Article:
Many leading healthcare systems are making considerable investments into improving the patient experience once someone becomes a patient. But they still have a long way to go in regard to creating a better onboarding experience, especially by integrating digital and voice. My recent experience seeking personal care is a case in point.

For context, I joined SIM Partners in Chicago after working for Press Ganey in South Bend. I am immersed in healthcare, an industry that fascinates me endlessly. I am also a millennial, which means I use my mobile for almost all searches.

Not long ago, I needed to see an OB-GYN specialist, but I had no idea whom to see considering I’ve been relocating annually. So I did what comes natural: I used my mobile phone to search for options near me. Three providers appeared in the search results, and all of them listed easy-to-find phone numbers to schedule an appointment. So far, so good.

But I received wildly different onboarding experiences when I started calling providers to schedule an appointment. The first two providers insisted that I go to their websites and complete lengthy and complicated patient intake forms before they would even deign to talk with me about setting up an appointment. Frustrated, I tried a third provider, The South Bend Clinic — and fortunately, the third time was a charm.

Instead of erecting barriers to service, The South Bend Clinic quickly set up my appointment over the phone. They focused first on getting me into the door quickly and easily. Once I was there, I completed some simple paperwork — but only after I was in the doctor’s office. Problem solved.

Some of the takeaways from my experience:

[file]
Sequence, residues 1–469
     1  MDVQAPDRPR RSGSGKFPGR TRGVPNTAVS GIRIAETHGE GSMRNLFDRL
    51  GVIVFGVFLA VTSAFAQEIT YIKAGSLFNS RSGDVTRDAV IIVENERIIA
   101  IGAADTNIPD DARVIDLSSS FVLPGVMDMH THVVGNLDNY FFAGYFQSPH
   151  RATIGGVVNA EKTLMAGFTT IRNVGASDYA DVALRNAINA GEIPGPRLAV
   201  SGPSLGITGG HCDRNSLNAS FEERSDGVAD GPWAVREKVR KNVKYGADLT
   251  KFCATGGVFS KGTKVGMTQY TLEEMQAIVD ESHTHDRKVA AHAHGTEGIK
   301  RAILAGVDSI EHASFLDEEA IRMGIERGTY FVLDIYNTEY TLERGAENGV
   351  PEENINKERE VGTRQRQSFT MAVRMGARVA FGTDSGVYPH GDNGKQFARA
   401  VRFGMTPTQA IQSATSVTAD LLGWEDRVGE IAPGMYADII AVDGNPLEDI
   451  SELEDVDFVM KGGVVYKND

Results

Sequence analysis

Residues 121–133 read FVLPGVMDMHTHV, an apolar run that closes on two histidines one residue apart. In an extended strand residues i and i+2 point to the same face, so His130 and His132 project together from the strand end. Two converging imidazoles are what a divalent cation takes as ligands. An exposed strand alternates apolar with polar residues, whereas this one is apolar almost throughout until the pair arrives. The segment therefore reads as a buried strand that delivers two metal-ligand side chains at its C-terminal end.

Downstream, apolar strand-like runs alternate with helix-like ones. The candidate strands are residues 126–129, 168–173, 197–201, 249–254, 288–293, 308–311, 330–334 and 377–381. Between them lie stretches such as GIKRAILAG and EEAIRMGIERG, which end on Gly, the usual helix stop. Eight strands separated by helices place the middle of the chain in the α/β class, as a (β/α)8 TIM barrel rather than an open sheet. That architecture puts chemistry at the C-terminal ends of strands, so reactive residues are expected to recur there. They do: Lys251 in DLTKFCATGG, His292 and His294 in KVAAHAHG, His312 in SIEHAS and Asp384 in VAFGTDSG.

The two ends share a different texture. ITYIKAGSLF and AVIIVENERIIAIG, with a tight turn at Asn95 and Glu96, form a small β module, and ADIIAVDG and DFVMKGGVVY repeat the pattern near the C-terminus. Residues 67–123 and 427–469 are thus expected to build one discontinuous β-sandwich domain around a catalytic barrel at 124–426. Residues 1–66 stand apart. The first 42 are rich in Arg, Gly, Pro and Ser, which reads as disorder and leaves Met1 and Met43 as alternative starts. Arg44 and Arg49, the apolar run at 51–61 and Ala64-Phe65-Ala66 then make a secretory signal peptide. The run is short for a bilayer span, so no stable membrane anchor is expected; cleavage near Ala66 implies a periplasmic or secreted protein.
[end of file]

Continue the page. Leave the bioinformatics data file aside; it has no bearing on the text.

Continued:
• There needs to be more focus on the patient experience prior to walking through the door.
  • Digital in and of itself is not the solution. A bad digital experience turned me away as a potential patient at the first two hospitals. Digital onboarding needs to be quick and easy, including the use of online scheduling tools for those who prefer them.
  • Providers need to think in terms of omnichannel onboarding – or coordinating an experience among multiple devices and channels. Simply referring a caller to a website is not a good experience.
  • Always think in terms of the next moment, or the action that happens after a patient finds you through a search. The South Bend Clinic won my business because the provider focused on moving me through the onboarding process rather than creating barriers.

Omnichannel” is a popular buzzword in healthcare, partly because the millennial generation demands it. In the words of a recent MediaPost column, “when it comes to healthcare, [millennials are] actually omnichannel-first.” Omnichannel is not going away. The challenge for healthcare systems: how are you creating a successful omnichannel experience to improve patient onboarding? Contact SIM Partners to discuss how we can help you.